April 23, 2018

The Advocate's Toolbox

Open Circle Names 25 Best Books for Kids’ Social and Emotional Learning

To celebrate its 25th anniversary, the Open Circle Program at the Wellesley Centers for Women (WCW), a provider of evidence-based social and emotional learning for K–5 kids, has released its list of the top 25 children’s books that connect to kids’ social and emotional development. The chosen books cover a range of important skills, such as self-awareness, self-management, empathy, dealing with conflict, and problem-solving. The Hundred Dresses, by Eleanor Estes, tops the list.

“Of the countless books that teachers use to shed light on such issues as friendship, inclusion, empathy, problem solving, or understanding differences, some titles stand out for being especially authentic and memorable,” Open Circle says in its announcement. “Like good friends, the books on this list are potential sources of comfort, validation, laughter, surprises, and new perspectives for children.”

1. The Hundred Dresses.* Eleanor Estes. Harcourt, 1944. Gr 3–5.
2. Crow Boy. Taro Yashima. Viking, 1955. Gr 2–5.
3. Yesterday I Had the Blues. Jeron Ashford Frame. Tricycle. 2003. Gr 2–5.
4. Henry and the Kite Dragon. Bruce Edward Hall. Philomel, 2004. Gr 3–5.
5. Crazy Hair Day. Barney Saltzberg. Candlewick, 2003. Gr 2–4.
6. Lilly’s Purple Plastic Purse. Kevin Henkes. HarperCollins/Greenwillow,1996. Gr K–3.
7. I Miss Franklin P. Shuckles. Ulana Snihura. Annick, 1998. Gr 1–3.
8. Danitra Brown, Class Clown. Nikki Grimes. Harpercollins/Amistad, 2005. Gr 3–5.
9. Lizzie Bright and the Buckminster Boy.* Gary Schmidt. Clarion, 2004. Gr 5.
10. Wonder.* R.J. Palacio. Knopf, 2012. Gr 3–5.
11. Rules.* Cynthia Lord. Scholastic, 2006. Gr 3–5.
12. Anything But Typical. Nora Raleigh Baskin. S&S, 2009. Gr 5.
13. When Sophie gets Angry, Really Angry. Molly Bang. Scholastic/Blue Sky, 1999. Gr K–1.
14. My Name is María Isabel.* Alma Flor Ada. S&S/Atheneum, 1993. Gr 3–4.
15. Thank you Mr. Falker. Patricia Polacco. Philomel, 1998. Gr 4–5.
16. Yoon and the Jade Bracelet. Helen Recorvits. Farrar,  2008. Gr 3–4.
17. The Teddy Bear. David McPhail. Holt, 2002. Gr 3–5.
18. Mouse Was Mad. Linda Urban. Harcourt, 2009. Gr K–1.
19. Teammates. Peter Golenbock. Harcourt Brace Jovanovich, 1990. Gr 4–5.
20. Chrysanthemum. Kevin Henkes. HarperCollins/Greenwillow, 1991. Gr K–1.
21. Joey Pigza Swallowed the Key.* Jack Gantos. Farrar, 1998. Gr 4–5.
22. Also Known as Harper.* Ann Haywood Leal. Holt, 2009. Gr 5.
23. How to Steal a Dog.* Barbara O’Connor. Farrar, 2007. Gr 5.
24. Becoming Naomi Leon.* Pam Munoz Ryan. Scholastic, 2004. Gr 3–5.
25. Willow’s Whispers. Lana Button. Kids Can Press, 2010. Gr K–1.

*chapter book or novel

For more information about several of the titles on this list and interactive ways that these books can be used to help engage children, a series of short videos, featuring Peg Sawyer, B.S.Ed., trainer and coach with the Open Circle Program, is available online.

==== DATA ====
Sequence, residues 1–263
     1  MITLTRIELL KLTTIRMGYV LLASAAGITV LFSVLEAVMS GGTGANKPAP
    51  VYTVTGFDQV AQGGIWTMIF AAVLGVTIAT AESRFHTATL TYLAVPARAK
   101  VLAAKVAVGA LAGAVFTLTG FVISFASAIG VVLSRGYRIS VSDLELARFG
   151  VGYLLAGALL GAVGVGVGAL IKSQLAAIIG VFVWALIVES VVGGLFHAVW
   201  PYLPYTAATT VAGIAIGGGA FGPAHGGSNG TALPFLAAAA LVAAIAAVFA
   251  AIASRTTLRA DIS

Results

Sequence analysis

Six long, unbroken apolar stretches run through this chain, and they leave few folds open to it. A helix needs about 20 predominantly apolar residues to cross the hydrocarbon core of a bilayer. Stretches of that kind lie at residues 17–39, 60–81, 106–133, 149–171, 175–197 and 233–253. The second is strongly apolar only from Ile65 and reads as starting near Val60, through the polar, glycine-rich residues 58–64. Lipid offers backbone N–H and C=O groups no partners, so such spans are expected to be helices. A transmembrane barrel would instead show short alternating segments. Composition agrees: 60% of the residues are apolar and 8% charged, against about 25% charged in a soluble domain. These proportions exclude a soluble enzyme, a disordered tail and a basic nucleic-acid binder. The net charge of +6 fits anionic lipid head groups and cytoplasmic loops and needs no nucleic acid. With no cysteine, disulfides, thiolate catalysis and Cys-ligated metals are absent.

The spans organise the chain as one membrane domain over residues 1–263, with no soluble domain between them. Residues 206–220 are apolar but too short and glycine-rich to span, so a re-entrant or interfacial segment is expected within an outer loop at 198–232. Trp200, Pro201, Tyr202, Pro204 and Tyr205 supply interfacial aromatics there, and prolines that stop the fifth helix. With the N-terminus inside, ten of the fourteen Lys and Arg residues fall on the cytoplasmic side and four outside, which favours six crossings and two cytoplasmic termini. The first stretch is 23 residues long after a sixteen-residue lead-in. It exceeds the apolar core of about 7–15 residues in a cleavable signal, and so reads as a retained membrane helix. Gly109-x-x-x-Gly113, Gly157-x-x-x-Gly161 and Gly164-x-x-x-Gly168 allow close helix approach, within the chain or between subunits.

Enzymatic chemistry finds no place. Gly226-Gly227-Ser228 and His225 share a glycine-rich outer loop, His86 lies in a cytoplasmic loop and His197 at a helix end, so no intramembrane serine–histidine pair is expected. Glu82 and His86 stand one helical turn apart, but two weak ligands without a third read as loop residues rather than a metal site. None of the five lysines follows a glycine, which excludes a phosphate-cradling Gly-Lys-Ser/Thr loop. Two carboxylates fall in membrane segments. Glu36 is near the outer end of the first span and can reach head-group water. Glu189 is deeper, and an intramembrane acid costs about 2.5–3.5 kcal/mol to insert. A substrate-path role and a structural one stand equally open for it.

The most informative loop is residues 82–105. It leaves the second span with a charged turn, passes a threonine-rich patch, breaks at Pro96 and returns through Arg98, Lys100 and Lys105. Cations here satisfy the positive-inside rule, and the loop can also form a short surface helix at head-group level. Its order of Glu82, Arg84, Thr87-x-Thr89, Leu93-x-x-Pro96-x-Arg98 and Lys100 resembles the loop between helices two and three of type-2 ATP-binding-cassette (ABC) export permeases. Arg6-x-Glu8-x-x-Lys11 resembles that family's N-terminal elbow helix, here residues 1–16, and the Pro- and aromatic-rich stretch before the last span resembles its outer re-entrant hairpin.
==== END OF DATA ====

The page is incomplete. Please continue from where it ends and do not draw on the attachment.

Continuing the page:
The Wellesley Centers for Women is one of the largest gender-focused research and action organizations in the world. Scholars at the Centers conduct social science research and evaluation, develop theory and publications, and implement training and action programs on issues that put women’s lives and women’s concerns at the center.

(Editor’s note: What are your favorite titles for helping kids develop their social and emotional skills? Please comment with suggestions for new books as well as your perennial favorites.)

Karyn M. Peterson About Karyn M. Peterson

Karyn M. Peterson (kpeterson@mediasourceinc.com) is a former News Editor ofSLJ.



  1. Stacy Dillon says:

    How To Heal A Broken Wing, by Graham

  2. Liz Lyons says:

    Love the book “Henry and the Kite Dragon” by Bruce Edward Hall, illustrated by William Low.

  3. Add the book, Muskrat Will Be Swimming, by Cheryl Savageau. About name calling.

  4. Hands down, the absolute best book I have ever read aloud to my students in terms of social and emotional learning is “Out of my Mind” by Sharon Draper. We had deep, insightful, and sometimes heart-wrenching discussions throughout the book. It is written from the perspective of an eleven-year-old girl with cerebral paulsy, who is incredibly smart but she cannot speak. Here is a portion of the first page:

    “Words have always swirled around me like snowflakes–each one delicate and different, each one melting untouched in my hands.

    Deep within me, words pile up in huge drifts. Mountains of phrases and sentences and connected ideas. Clever expressions. Jokes. Love songs.

    From the time I was really little-maybe just a few months old–words were like sweet, liquid gifts, and I drank them like lemonade. I could almost taste them. They made my jumbled thoughts and feelings have substance. My parents have always blanketed me with conversation. They chattered and babbled. They verbalized and vocalized. My father sang to me. My mother whispered her strength into my ear.

    Every word my parents spoke to me or about me I absorbed and kept and remembered. All of them.

    I have no idea how I untangled the complicated process of words and thought, but it happened quickly and naturally. By the time I was two, all my memories had words, and all my words had meanings.

    But only in my head.

    I have never spoken one single word. I am almost eleven years old.”

    As you can see, the book has beautiful language as well, and I was able to weave in many lessons about similes, metaphors, and descriptive language / word choice. I would highly recommend this book for third grade – middle school.


  1. […] You can view Open Circle Program’s list of 25 SEL books at: http://www.slj.com/2013/01/books-media/25-best-books-for-kids-social-emotional-learning/ […]